On Jan. 19, Ed McFalls left work early to attend his son Klaas’s 10th-grade Southwest High School basketball game against Edina. McFalls, a cardiologist, arrived at the gym with a couple minutes left to play in the first half. The Lakers were being manhandled by the bigger Hornets, thanks to a full-court press that discombobulated the Southwest backcourt and resulted in a flurry of steals and lay-ups.
As the clock wound down on the first half, McFalls checked the scoreboard to find the young men from Edina up 48-6.
“At first I thought it was wrong, because you don’t full-court press when you’re up that much,” said McFalls. “I started looking around the place for one other person who might think like I did. I just kept thinking, ‘You don’t do this, do you? This is bull**.’”
Outraged, but without anyone in the sparsely-populated gym to share his feelings with, McFalls texted a few friends and tried to make eye contact with the Southwest coaches and parents, who sheepishly avoided his gaze. When the game ended (final: 78-9), McFalls collared the Edina coach.
“He had grey hair, about 55, and I was being cool, under the radar, not a crazy parent,” said the 59-year-old McFalls, who played baseball, basketball and football for Tamarac High School in Troy, New York. “I just said, ‘You know, in the old days that would’ve be viewed as really running up the score.’ He looked at me and he said, ‘You listen to me, sir. I had my second team out there. I don’t want to hear it.’
“I said, ‘No, no, no, no. I’m just telling you, I saw a full-court press with a minute and half left with the score 48-6. Now, I’m not trying to get in your face, and maybe that idea is in the old days, and maybe the game has changed, but you just don’t try to show up the other team. That’s all I’m saying.”
That’s all Edina boy’s basketball head coach Pat Dorsey is saying after the fact, as well.
“I didn’t like that score either,” said Dorsey. “But I want our kids playing hard, and a sign of respect for the other team is playing hard. I’ve been on the other end of that score when we’ve lost to Hopkins by 30 or something, and you try to make sure you maintain sportsmanship.
“But I watched the film of the game, and there was no full-court press, just good defense. And it all came with [the Minnesota State High School League’s so-called mercy rule, which says the clock switches to running time when a team is up by 30 points]. Hard to say, but I wouldn’t want my team out there; it was definitely not the kind of competitive atmosphere you want in a good basketball game.”
As participation in high school sports becomes more popular, and more players and programs of varying skills and ambitions meet head-to-head, the topic of blowout losses becomes more prevalent. In 2009, Dallas Christian high school The Covenant School beat Dallas Academy, a team of eight from a school for students with learning disabilities and a total enrollment of 20, 100-0. The Covenant coach, who used a full-court press throughout the game, was fired after he declined to apologize for the outcome. The same week in Utah, Christian Heritage High beat West Ridge Academy 108-3 in varsity girls’ basketball.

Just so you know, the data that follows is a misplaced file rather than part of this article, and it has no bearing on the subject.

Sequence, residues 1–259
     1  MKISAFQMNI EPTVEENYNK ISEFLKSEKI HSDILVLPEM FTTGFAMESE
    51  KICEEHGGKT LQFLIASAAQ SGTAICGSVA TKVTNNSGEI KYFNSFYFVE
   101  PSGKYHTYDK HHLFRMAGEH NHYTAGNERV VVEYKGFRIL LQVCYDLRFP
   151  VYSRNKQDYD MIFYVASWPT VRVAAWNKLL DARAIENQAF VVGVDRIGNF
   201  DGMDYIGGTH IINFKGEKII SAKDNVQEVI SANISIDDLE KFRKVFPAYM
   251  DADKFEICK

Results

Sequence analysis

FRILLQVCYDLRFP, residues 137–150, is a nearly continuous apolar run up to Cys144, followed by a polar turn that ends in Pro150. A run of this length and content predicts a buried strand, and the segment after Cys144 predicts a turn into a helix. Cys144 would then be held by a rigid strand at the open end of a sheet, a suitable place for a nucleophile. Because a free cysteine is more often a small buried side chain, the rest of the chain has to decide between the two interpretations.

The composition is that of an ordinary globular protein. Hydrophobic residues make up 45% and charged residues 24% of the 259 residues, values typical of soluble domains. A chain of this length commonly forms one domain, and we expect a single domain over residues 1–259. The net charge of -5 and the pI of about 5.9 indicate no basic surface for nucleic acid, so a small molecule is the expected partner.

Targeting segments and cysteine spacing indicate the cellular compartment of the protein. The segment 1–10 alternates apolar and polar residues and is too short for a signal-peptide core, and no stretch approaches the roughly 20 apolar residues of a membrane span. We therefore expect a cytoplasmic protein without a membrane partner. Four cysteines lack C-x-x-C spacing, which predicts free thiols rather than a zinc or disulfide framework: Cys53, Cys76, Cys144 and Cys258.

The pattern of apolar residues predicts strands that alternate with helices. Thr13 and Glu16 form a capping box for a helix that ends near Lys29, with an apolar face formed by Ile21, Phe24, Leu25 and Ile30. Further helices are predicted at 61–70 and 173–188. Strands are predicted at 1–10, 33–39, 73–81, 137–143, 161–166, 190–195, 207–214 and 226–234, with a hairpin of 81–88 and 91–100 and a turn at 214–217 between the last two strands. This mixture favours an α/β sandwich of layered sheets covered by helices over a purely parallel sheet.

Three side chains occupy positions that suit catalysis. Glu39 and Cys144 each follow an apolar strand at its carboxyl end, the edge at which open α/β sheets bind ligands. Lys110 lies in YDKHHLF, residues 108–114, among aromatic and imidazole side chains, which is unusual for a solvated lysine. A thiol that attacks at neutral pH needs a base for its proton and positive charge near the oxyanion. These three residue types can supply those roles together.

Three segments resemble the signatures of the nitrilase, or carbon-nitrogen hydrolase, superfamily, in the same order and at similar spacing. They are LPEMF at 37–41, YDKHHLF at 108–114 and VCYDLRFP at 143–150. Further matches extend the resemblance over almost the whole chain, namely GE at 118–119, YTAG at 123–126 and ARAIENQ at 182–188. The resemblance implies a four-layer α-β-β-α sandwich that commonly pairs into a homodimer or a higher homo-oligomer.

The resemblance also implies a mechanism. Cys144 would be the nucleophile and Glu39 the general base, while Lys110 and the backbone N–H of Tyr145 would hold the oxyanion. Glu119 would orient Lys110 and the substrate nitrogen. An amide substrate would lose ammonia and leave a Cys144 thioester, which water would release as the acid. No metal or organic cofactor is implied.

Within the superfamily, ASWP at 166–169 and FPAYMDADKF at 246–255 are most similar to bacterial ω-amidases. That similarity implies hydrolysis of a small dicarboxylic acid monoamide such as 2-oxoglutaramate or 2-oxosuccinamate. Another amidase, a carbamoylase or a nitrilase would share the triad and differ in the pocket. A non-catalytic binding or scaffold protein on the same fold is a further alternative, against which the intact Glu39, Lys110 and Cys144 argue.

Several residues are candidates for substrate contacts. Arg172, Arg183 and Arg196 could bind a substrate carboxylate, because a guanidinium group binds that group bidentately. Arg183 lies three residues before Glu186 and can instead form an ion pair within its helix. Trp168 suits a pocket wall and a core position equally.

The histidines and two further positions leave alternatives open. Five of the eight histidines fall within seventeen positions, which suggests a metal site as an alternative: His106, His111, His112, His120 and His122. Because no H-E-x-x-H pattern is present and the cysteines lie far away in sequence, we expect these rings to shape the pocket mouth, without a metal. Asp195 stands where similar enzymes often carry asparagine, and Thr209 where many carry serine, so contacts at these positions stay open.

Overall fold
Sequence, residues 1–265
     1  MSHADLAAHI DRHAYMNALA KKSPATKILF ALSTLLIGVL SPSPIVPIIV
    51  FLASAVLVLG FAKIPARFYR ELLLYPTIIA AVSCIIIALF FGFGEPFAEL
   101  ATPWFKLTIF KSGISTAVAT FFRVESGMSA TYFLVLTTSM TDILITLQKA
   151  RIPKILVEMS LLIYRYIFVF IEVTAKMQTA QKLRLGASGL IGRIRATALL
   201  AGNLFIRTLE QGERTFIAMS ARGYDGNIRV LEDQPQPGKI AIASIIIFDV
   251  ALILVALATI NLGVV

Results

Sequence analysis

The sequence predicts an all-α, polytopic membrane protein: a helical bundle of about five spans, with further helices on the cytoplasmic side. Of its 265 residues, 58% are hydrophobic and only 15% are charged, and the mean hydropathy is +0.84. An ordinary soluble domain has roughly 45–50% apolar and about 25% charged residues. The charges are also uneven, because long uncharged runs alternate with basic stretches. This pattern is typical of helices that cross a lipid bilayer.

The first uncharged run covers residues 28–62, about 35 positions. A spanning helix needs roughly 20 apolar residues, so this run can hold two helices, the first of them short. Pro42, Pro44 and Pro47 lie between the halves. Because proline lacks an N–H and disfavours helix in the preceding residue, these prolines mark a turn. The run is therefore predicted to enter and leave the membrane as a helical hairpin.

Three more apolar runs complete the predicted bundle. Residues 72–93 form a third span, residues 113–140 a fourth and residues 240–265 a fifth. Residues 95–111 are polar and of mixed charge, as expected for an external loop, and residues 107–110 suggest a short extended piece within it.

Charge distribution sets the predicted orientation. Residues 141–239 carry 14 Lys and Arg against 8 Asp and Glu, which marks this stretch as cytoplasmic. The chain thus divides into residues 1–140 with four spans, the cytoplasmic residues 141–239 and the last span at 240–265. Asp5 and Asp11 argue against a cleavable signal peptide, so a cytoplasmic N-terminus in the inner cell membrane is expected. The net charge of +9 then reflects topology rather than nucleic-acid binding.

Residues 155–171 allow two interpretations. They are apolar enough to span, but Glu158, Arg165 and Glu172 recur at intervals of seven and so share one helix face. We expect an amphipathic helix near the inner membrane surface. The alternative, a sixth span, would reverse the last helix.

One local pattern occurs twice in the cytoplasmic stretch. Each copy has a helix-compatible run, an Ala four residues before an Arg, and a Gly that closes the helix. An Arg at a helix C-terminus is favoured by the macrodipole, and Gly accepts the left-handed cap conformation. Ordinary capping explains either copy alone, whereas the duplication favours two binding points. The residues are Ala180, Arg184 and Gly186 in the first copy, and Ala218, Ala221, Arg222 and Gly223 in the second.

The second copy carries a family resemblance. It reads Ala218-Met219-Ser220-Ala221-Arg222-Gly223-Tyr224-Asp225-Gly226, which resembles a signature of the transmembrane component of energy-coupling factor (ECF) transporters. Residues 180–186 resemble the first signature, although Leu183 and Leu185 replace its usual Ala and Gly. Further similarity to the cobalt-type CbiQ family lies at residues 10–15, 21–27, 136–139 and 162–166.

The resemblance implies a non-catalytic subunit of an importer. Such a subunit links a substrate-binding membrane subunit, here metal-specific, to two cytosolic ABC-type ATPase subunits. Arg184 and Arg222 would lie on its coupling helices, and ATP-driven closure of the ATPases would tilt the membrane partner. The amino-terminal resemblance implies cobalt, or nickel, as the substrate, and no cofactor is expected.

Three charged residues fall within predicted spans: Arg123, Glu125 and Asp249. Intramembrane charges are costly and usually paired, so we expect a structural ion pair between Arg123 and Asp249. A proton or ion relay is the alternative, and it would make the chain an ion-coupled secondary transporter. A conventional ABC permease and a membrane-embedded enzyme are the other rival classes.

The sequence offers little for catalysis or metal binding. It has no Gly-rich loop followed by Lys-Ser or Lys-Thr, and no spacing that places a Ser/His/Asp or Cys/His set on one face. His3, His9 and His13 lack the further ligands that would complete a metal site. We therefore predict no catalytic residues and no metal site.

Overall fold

The record for the most lopsided high school basketball game occurred in 1964, when one Louisiana prep team beat another 211-29. The Minnesota State High School League doesn’t keep such records (hoops historians may recall the 1975 Minneapolis Central boys basketball team disposing of Edison 100-25), but check the daily box scores these days and losses by 30 and 40 points are not uncommon.
Times have changed, almost everybody plays, and schools’ varying and disparate philosophies are often exposed. Edina enjoys a rich sports tradition, with 145 total state championships, including three state boys’ basketball titles and a record 69 consecutive wins in the ’60s.
On the other side of the freeway, Southwest’s athletic claims to fame remain its 1970 state hockey championship and a strong soccer tradition of late, while Southwest basketball has produced gunner Tim Wahl, who lit up gyms and playgrounds in the ’70s, and that’s about it. This year’s Lakers varsity boy’s basketball team has notched 12 losses and 11 wins, including a 62-29 pummeling of Minneapolis North.
All of which, according to McFalls, should be beside the point.
“Maybe I’ve got no business talking, and maybe I’m just a Velcro parent, but when I went to the coach I wasn’t thinking about Klaas getting [beaten so badly], I was just thinking about the spirit of the game,” he said. “Partly because it’s Edina and that whole thing, I think the coach at some point should have said, ‘You don’t make somebody miserable and put ’em into the ground. You just beat ‘em.’
“I don’t know. I could be wrong. I don’t think he was evil. I just want this game to continue so Southwest Minneapolis can maintain a little dignity. I think it’s a great sport, and you don’t want to beat an opponent into submission so they can enjoy it when they’re older. Participation is the main thing, not performance.”
That idea might fly on the sidelines of park board games, but in high school as in life, expectations get more intense. Which is why, in the end, perhaps the truest thing anyone had to say about Southwest’s epic loss came from 15-year-old Klaas himself.
“Dad, we were terrible,” said the kid, in calming his steamed Hornet-hating father. “We were dogging it. Some of our guys didn’t care if we won or not, and the game is about winning.”
Jim Walsh lives and grew up in East Harriet.